WE - the place to cast a common vision. A vision of what our lives, our church, and even our world would look like if only we would apply the truth of God’s Word. It’s the inspirational part of the message. My goal at this point is to inspire people to make a change. Sometimes being faced with God’s Word can leave the listener feeling defeated, if all they think about is how far they have to go. But, if I can give them a picture of what life will be like once they apply the truth, then they have a little hope.
GOAL: The Armor of God . . .
POINT: The Belt of Truth . . .
What Is The Armor of God: The Belt of Truth?
Slides/Pictures of the Belt of Truth
It was the “waistcloth” worn by Assyrian warriors (Isa. 5:27) and the “belt” worn by Chaldeans (Ezk. 23:15); metaphorically it was the “girdle” of righteousness and faithfulness (Isa. 11:5).
A. Undergarments Volume 2, Page 403
Rather than being a mere belt, when it was the sole garment it was a short wrapped skirt, as in Egyptian and Assyrian scenes (ANEP, nos 1, 2, 8 etc.).
Often a garment would be worn ungirded at home, and thus the act of fastening the belt and even at times tucking up the garment indicated preparation for some activity or journey.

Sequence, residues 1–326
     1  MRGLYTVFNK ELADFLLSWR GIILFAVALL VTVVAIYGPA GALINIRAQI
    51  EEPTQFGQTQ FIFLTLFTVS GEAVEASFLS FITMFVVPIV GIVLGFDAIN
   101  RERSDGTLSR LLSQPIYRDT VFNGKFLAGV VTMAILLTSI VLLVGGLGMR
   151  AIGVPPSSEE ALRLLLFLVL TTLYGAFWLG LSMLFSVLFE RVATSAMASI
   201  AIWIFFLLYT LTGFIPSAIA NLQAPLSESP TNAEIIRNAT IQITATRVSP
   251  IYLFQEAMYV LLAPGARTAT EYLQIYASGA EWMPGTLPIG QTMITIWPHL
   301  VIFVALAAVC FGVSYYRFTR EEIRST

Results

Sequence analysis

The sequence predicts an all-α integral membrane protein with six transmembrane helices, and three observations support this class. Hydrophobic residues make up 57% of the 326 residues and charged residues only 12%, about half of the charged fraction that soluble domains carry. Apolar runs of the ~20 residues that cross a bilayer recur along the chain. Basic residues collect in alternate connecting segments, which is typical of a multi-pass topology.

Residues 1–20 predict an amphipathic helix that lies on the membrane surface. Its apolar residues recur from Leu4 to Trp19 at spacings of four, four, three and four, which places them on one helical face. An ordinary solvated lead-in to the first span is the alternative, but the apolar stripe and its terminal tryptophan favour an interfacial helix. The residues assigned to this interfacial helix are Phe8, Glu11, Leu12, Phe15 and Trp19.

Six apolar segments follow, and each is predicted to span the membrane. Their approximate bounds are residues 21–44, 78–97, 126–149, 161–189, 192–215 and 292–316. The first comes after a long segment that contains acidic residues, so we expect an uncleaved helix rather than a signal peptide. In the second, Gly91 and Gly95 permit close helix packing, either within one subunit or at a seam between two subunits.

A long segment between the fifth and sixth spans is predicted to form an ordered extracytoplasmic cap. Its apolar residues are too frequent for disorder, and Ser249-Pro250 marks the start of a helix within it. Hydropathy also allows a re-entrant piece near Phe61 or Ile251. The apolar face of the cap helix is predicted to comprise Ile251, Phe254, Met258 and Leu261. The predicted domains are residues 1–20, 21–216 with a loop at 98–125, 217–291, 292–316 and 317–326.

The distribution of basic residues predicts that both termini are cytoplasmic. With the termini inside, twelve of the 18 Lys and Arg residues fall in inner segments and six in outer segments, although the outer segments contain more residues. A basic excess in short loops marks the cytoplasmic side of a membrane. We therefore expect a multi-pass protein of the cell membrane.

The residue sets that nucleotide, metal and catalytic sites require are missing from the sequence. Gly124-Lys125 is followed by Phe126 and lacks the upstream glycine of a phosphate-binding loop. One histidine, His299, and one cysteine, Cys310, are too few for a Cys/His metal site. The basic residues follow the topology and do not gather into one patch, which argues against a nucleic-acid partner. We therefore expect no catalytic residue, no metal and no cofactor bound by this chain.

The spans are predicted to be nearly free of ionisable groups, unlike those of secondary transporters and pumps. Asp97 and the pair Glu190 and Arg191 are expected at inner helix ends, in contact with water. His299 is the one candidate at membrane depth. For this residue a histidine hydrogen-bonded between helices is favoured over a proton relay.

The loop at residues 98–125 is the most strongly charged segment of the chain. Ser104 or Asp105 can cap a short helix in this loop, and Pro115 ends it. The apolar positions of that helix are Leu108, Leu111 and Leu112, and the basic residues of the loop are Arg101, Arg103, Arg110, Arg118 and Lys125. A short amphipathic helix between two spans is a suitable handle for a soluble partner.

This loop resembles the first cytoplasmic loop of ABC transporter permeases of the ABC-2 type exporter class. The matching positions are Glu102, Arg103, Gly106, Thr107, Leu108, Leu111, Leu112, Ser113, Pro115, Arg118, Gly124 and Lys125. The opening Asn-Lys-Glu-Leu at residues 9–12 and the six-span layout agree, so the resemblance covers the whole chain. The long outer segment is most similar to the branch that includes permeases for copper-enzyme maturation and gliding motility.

Swords were carried inside a belt or in a sheath suspended from a belt on the side opposite the dominant hand (Exod 32:27; Judg. 3:21 [cf. v. 15]; 1 Sam. 17:51; 2 Sam. 20:8; 1 Chr. 21:27; Cant. 3:8).
Belt Page 549
belt. This term is used in modern English versions where the KJV uses “girdle” as a translation of various words in Hebrew (e.g., ḥăgôr H2512) and one in Greek (zōnē G2438). Although the term “belt” was common at the time the KJV was produced, the translators may have preferred “girdle” because the article in question was in most cases a strip of cloth or leather intended to confine clothes rather than support them. In some passages “belt” is clearly superior (e.g., 2 Sam. 18:11, where the support for Joab’s sword is meant). Moreover, the common modern use of “girdle” to refer specifically to a woman’s undergarment makes this term less preferable.
An item of clothing, worn round the waist, used for gathering clothes and holding weapons or money.
The belt as an item of clothing